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Gould's petrel conservation project

The Gould's petrel is Australia's rarest endemic seabird, with over 95 percent of the species breeding on the islands around Port Stephens. NSW National Parks and Wildlife Service (NPWS) is working with the Saving our Species conservation program to reverse the decline in population numbers by restoring habitat to encourage a strong breeding colony.

Read more about Gould's petrel conservation project

The Gould’s petrel is distinguished from other petrels by its darker head, and long narrow wings that have a distinctive ‘M’ pattern. Growing to around 30cm long, adult petrels have a wingspan of 75cm.

This extraordinary seabird spends most of its life flying alone at sea. It may be years before a petrel will return to the island where it hatched to find a mate and breed.

Cabbage Tree Island, offshore from Port Stephens, was the petrel’s only known breeding site in the world. In the early 1990s, there were less than 250 breeding pairs raising only 50 chicks a year. The species was heading towards extinction.

To save the species, NPWS started a project to establish a second colony on nearby Boondelbah Island. This internationally ground-breaking project included installing nest boxes to create habitat where none had previously existed. Some of Cabbage Tree Island’s chicks were successfully moved here, and were cared for until they fledged, imprinting the new island as their home.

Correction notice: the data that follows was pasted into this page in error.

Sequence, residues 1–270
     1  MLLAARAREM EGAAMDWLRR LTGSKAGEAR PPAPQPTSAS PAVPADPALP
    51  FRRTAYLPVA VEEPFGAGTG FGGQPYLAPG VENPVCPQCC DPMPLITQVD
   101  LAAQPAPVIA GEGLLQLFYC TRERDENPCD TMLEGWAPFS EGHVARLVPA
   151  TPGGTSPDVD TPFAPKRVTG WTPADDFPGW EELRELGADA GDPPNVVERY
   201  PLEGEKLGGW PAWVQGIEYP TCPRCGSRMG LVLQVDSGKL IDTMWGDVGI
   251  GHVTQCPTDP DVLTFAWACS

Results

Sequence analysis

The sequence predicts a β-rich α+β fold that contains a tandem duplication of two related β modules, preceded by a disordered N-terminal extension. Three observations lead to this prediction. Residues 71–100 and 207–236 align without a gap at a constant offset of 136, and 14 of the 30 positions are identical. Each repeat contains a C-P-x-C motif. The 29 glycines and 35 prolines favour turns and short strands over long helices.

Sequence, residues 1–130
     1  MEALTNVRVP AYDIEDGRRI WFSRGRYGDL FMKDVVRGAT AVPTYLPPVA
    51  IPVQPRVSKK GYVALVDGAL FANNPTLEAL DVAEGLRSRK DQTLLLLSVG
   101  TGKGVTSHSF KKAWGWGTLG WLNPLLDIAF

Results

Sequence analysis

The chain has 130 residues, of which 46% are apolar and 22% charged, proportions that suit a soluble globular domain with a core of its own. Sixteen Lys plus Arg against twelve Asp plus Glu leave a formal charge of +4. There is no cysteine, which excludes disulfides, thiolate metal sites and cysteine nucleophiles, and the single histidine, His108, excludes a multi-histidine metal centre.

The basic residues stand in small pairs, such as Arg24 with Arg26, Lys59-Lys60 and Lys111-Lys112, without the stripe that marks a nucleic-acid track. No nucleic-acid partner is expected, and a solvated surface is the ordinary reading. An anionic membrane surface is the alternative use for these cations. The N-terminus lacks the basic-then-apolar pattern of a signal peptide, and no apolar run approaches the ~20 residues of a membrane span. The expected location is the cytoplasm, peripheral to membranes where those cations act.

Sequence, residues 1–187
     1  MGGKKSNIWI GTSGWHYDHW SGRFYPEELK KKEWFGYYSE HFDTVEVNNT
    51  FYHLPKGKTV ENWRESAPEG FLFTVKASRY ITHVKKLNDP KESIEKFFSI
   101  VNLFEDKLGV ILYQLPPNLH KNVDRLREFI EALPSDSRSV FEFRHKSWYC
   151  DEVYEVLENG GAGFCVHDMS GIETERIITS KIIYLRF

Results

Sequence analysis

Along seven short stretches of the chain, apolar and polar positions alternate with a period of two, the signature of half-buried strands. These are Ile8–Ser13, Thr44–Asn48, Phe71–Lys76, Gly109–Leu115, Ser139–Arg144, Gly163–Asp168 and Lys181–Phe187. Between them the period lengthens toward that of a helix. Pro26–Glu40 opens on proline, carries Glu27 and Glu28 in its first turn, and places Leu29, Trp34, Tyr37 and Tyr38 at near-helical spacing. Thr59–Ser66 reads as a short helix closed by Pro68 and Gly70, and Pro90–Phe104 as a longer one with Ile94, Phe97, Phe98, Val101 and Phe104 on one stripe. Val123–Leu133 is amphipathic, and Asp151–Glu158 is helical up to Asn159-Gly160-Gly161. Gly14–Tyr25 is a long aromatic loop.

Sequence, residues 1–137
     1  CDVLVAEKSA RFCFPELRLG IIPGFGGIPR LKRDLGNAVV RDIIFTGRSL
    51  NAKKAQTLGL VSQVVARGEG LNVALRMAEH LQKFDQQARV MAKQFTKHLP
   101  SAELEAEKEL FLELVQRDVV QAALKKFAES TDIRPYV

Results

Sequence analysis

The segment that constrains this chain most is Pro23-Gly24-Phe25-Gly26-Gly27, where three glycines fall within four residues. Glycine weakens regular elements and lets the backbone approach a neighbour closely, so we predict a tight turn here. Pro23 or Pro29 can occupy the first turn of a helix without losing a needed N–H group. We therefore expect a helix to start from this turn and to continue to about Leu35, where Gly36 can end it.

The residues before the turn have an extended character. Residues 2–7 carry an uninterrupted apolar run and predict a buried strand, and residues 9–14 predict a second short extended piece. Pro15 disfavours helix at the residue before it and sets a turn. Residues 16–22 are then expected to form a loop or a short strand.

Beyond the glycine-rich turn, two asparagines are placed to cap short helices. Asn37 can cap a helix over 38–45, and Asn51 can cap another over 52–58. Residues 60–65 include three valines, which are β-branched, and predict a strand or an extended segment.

There is now a well-established petrel colony on Boondelbah Island, where the artificial nest boxes replace the petrel's natural nesting sites like rock crevices, hollow fallen palm trunks, and the buttresses of fig trees in rocky gullies.

Due to these ongoing conservation efforts, Gould’s petrels' breeding habitats are expanding. This remarkable species is being given the best chance to safeguard its survival, under pressure from climate-related changes that impact their natural habitat and at-sea feeding areas.

The project also aims to minimise threats from predatory birds and invasive weed species, the risk of accidental introduction of feral animals on the islands, and human disturbance.

Parks related to this program